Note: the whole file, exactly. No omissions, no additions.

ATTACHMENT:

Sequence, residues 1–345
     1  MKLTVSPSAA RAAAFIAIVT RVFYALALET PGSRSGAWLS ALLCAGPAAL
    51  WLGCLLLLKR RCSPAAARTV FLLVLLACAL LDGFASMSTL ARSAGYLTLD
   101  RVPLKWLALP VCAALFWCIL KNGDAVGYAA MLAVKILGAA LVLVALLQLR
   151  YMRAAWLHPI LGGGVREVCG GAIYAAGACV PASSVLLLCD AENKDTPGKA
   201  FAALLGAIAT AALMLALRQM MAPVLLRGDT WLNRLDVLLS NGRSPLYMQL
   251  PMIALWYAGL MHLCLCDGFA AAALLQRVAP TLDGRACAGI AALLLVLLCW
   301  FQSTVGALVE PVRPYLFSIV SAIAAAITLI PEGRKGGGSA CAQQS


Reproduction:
Sequence, residues 1–345
     1  MKLTVSPSAA RAAAFIAIVT RVFYALALET PGSRSGAWLS ALLCAGPAAL
    51  WLGCLLLLKR RCSPAAARTV FLLVLLACAL LDGFASMSTL ARSAGYLTLD
   101  RVPLKWLALP VCAALFWCIL KNGDAVGYAA MLAVKILGAA LVLVALLQLR
   151  YMRAAWLHPI LGGGVREVCG GAIYAAGACV PASSVLLLCD AENKDTPGKA
   201  FAALLGAIAT AALMLALRQM MAPVLLRGDT WLNRLDVLLS NGRSPLYMQL
   251  PMIALWYAGL MHLCLCDGFA AAALLQRVAP TLDGRACAGI AALLLVLLCW
   301  FQSTVGALVE PVRPYLFSIV SAIAAAITLI PEGRKGGGSA CAQQS